Re-think that bicycle

And maybe the modern trend toward excessive personal grooming is not such a hot idea either, not to mention zippers.


“If you swim out in the ocean, the ocean’s always alive,” Saugstad said. “You can feel it. But the mountains feel like they’re asleep.”
This New York Times article about an avalanche is a virtuoso piece of multimedia presentation, combining a riveting story with fantastic links and video.
We watched "The Pink Panther" the other night, which came out when I was eight years old.  I believe that was the last time I had seen it.  My husband objects to the gratuitous insertion of musical numbers into movies from this era, but the jazzy/samba lounge-singer scene in the ski lodge is the only bit I remembered from childhood, apart from the theme song and the tiny pink flaw in the great diamond.

The dancing looks like fun, even for poor hapless Peter Sellars, the comic cuckold.  The people in these conventional American thrillers and comedies from the early 60s were so sophisticated and at ease in their society.  There was nothing sullen or dreary about their rebellion.

The fellow presenting the movie remarked that David Niven expected his jewel-thief-Don-Juan character to become a successful franchise.  No one guessed that Inspector Clouseau would steal the show.

How to talk to a moderate voter

In a comment thread below, Tom linked to a fine article by Kevin D. Williamson at the National Review Online, which I thought should be highlighted here.  Williamson cites three areas where conservatives fail to engage the middle-of-the-road voter:  (1) the best way to address risk, (2) the real value and dangers of economic inequality, and (3) how to rely on growth instead of on redistribution of a finite pie.  On the first point, he reminds us that segments of the population who historically were systematically excluded from the formal economic system will be hard sells on the notion that accepting economic risk is the best path to prosperity; we'll have to acknowledge their legitimate suspicion of the game.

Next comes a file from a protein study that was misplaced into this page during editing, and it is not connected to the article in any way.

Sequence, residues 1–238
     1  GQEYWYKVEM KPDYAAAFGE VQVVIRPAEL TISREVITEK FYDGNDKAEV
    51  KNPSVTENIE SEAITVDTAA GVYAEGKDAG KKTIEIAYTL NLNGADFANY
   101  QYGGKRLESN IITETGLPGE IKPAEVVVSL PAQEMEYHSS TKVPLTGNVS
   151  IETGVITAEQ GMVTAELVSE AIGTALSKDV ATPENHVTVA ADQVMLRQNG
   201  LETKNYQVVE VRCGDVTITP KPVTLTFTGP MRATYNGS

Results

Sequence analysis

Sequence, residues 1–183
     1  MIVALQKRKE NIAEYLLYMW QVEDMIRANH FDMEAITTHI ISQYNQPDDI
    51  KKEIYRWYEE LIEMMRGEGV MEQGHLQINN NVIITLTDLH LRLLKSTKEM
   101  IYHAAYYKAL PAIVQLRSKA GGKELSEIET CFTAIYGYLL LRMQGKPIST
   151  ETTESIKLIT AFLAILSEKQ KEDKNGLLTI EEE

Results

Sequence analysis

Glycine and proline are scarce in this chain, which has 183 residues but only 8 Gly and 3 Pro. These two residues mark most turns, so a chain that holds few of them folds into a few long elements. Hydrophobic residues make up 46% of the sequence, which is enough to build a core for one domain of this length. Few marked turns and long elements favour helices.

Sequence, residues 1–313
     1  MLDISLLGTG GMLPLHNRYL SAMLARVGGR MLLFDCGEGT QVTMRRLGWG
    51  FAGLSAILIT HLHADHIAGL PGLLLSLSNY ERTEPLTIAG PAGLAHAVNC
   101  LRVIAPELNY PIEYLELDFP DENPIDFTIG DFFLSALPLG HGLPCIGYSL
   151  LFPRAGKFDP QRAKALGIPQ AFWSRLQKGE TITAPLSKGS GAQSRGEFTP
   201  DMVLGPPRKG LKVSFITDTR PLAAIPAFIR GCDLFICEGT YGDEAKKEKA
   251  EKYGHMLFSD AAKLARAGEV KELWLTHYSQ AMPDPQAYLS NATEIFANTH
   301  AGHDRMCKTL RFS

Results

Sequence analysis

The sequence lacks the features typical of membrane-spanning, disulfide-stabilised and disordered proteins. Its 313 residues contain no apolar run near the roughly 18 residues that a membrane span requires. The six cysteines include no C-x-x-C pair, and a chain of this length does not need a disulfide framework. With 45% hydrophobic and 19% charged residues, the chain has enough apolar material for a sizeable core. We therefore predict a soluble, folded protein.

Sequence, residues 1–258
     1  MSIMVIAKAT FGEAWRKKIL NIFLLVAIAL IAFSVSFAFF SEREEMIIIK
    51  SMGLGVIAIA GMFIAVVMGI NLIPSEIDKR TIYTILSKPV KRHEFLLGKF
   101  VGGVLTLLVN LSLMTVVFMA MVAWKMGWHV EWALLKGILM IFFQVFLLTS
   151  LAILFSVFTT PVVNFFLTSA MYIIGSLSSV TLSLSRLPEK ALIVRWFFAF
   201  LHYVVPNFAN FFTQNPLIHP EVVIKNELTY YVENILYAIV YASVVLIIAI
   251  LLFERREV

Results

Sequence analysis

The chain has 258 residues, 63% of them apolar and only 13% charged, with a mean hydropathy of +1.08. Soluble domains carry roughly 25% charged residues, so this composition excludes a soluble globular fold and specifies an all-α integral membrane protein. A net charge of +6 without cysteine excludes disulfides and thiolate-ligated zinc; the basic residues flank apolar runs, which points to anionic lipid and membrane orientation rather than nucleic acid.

Regarding inequality, he cautions against arguing that "merit and merit alone accounts for the diverging prospects of the very well off and the rest."  A free market doesn't ensure that merit will triumph, only that individuals' preferences will have more clout than those of bureaucrats.  A conservative's desire to favor individuals over bureaucrats doesn't rest on a conviction that all individuals are better judges than any bureaucrat.  It rests in part on a philosophical preference for individual autonomy, and in part on an empirical conviction that, although masses of individuals can make appalling choices, their inevitable failures pale before the even more appalling choices of bureaucrats.

On the subject of growth vs. redistribution, Williamson points out that the "people as useless mouths to feed" cant of Malthusian liberals sometimes raises its ugly head equally in the hearts of conservatives who back trade barriers and oppose immigration.  He recommends a focus on people as the engines of future growth and prosperity, and on the education and healthcare policies most likely to make that possible.

He closes with an encouraging look at recent conservative reforms in Sweden, all achieved without outraging the compassionate or liberal instincts of most voters in that very collectivized state.

"You Can't Cut Your Way to Prosperity."

I'm really impressed with this new line from the President. It's so perfect. It's obviously wrong, in fact the very opposite of true, but it sounds so good. It's a masterpiece of the genre.

If you have income of X and expenses of X+Y, cutting is an excellent way to prosperity. It may be the only road to prosperity. This is so obvious that I feel a little odd even saying it: the line from the White House is so obviously out of order with reality that it makes you feel as if you must be missing something to challenge it.